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 Table of Contents  
REVIEW ARTICLE
Year : 2014  |  Volume : 1  |  Issue : 2  |  Page : 62-64

Helicobacter pylori and its role in oral diseases: A note on pathogenesis


Department of Microbiology and Pathology, Thai Moogambigai Dental College, Chennai, Tamil Nadu, India

Date of Web Publication31-Dec-2014

Correspondence Address:
Dr. J Sunitha
Department of Oral pathology and Microbiology, Thai Moogambigai Dental college, Golden George Nagar, Chennai - 600107, Tamil Nadu
India
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Source of Support: None, Conflict of Interest: None


DOI: 10.4103/2229-3019.148260

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  Abstract 

Helicobacter pylori belongs to a family of bacteria that colonize the mammalian stomach present in half of the world's population. It has been causally linked to chronic gastritis, peptic ulceration, and gastric adenocarcinoma. This review is about the pathogenesis and oral-related lesions associated with H. pylori infection.

Keywords: Aphthous ulcer, gastrointestinal tract, Helicobacter pylori, oral lesions


How to cite this article:
Dayanathi AR, Sunitha J, Ramamoorthy A, Jeddy N, Jeeva S. Helicobacter pylori and its role in oral diseases: A note on pathogenesis. J Indian Acad Dent Spec Res 2014;1:62-4

How to cite this URL:
Dayanathi AR, Sunitha J, Ramamoorthy A, Jeddy N, Jeeva S. Helicobacter pylori and its role in oral diseases: A note on pathogenesis. J Indian Acad Dent Spec Res [serial online] 2014 [cited 2019 Jun 25];1:62-4. Available from: http://www.jiadsr.org/text.asp?2014/1/2/62/148260


  Introduction Top


Helicobacter pylori (H. pylori) previously called 'Campylobacter pylori' is a gram-negative, microaerophilic bacteria present in the gut. It was first isolated by Marshal and Warren, which ushered in a new era in gastric microbiology. [1] H. pylori belongs to a family of bacteria that colonize the mammalian stomach, and is causally linked to chronic gastritis, peptic ulceration, and gastric adenocarcinoma. [2] This bacterium colonizes over half of the world's population. Infection is usually acquired in childhood and in the absence of antibiotic therapy, persists for lifetime of the host. H. pylori is the only known bacteria that can persistently colonize the normal stomach, and is able to tolerate the harsh conditions of the stomach. [3]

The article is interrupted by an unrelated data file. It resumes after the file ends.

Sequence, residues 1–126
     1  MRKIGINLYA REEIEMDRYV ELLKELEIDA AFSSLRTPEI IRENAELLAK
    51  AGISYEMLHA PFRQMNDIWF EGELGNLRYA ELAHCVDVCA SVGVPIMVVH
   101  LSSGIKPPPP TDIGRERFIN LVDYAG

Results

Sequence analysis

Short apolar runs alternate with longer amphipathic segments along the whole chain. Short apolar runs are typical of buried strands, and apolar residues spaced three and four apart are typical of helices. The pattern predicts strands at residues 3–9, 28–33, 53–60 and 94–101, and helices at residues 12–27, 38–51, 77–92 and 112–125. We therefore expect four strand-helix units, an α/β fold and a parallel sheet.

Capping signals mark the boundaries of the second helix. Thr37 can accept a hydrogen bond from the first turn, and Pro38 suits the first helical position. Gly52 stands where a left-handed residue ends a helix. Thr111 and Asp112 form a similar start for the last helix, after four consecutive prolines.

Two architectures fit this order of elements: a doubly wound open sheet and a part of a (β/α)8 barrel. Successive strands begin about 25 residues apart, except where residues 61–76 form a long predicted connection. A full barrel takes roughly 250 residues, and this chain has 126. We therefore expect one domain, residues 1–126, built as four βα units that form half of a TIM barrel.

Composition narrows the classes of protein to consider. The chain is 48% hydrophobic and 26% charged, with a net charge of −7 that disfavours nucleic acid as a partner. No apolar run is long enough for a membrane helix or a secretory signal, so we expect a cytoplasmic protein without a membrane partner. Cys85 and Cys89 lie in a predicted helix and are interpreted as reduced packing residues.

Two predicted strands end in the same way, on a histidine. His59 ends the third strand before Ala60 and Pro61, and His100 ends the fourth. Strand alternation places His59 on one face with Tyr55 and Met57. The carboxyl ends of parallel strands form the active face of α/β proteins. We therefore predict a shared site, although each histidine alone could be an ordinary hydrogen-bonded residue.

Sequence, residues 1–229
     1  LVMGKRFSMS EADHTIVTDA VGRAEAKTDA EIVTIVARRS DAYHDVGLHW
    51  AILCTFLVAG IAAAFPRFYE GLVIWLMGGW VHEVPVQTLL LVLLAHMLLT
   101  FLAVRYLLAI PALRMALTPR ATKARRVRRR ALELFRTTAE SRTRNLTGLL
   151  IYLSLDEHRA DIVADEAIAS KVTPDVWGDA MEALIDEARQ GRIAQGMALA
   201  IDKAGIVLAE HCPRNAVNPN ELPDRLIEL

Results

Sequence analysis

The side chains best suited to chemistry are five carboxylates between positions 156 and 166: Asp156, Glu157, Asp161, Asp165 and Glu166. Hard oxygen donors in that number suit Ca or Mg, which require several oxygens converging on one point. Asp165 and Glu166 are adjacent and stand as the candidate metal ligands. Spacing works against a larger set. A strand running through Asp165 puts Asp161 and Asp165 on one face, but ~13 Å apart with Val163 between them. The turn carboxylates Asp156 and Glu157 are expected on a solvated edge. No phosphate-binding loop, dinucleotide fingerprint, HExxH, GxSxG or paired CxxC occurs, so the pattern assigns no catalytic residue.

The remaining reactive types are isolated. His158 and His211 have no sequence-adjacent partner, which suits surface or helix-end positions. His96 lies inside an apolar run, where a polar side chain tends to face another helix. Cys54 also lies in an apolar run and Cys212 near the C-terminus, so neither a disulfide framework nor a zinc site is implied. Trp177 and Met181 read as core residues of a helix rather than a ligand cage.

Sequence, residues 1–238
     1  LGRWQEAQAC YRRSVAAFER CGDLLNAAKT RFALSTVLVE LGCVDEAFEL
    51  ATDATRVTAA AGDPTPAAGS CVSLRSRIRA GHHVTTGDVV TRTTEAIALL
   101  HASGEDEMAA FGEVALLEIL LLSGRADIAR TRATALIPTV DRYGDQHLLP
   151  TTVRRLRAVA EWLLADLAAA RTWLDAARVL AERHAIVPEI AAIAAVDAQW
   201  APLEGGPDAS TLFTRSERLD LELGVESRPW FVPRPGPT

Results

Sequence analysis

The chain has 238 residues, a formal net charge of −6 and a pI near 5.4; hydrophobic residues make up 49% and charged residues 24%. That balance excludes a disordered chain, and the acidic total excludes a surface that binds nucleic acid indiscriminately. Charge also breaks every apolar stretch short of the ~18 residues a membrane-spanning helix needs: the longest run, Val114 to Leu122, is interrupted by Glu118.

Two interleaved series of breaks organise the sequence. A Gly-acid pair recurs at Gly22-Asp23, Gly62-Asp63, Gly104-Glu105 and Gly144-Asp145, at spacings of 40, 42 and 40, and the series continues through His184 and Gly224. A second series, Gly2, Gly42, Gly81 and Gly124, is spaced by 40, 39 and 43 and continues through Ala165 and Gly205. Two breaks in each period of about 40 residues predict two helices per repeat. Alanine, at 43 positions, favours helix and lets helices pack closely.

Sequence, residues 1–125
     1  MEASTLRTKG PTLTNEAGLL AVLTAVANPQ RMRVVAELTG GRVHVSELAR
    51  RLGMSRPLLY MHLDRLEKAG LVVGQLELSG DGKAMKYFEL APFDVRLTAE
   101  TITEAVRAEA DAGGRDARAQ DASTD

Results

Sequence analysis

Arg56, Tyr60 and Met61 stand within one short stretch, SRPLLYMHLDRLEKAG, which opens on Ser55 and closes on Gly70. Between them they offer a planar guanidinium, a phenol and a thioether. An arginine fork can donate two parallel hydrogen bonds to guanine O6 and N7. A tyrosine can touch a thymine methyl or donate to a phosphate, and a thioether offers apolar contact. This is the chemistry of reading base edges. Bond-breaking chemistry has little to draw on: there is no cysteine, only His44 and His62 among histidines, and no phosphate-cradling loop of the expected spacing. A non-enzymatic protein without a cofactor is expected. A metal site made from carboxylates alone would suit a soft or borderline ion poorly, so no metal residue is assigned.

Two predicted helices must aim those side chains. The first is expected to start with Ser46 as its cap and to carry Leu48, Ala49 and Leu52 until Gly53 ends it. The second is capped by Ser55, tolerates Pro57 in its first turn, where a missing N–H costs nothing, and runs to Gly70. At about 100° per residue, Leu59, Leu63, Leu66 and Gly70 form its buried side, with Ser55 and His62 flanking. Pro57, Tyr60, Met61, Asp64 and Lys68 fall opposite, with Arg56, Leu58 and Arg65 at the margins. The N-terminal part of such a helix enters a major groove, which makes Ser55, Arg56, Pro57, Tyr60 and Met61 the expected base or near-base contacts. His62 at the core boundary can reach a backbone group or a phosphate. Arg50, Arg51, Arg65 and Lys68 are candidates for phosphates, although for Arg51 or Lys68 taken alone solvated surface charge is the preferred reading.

Dental plaque is recognized as a reservoir of H. pylori by some researchers. It is considered to be a normal commensal by some, though being difficult to isolate due to the meager presence. There isevidently an increase in the number of oral H. pylori in chronic gastritis patients. Further, H. pylori can promote the development of oral mucosal lesions likerecurrent aphthous ulcer and may function as an intermediary in the route of oral to gastric infection. [4] H. pylori infection contributes to the pathogenesis of periodontal diseases, recurrent aphthous ulcers, glossitis, burning mouth syndrome, and some dermatological diseases. [5]

Risk factors for H. Pylori

The risk factors for H. pylori include poor social economic status, poor hygiene practice, absence of hygienic drinking water, and unsanitary food preparation. [6],[7]

Transmission of H. Pylori

The main route of organism entry has been charted as the following - oral to oral, gastro to oral, and fecal to oral. Transmission may occur in a vertical or horizontal mode. Oral carriage of H. pylori may play a role in the transmission of infection. [7]

Pathogenesis

H. pylori is well adapted to withstand low pH to gain entry to its preferred territory, the mucus layer of the mucous membrane. One of the survival capabilities is its ability to resist mucosa and migration towards epithelial cell. Once there, the bacterium resists the local and systemic immune responses. Colonization persists for life in the host if there is no exposure to antibiotics. [5] Once it escapes from the lumen, it modifies the bioenvironment in the area and starts releasing collagenases which degrade the collagen in the host enabling more space for the movement of the bacteria. The Fas Ag pathway of apoptosis is activated during H. pylori infection. The combined action of the collagenases and stimulation of apoptosis leads to ulceration of the mucosa. [8]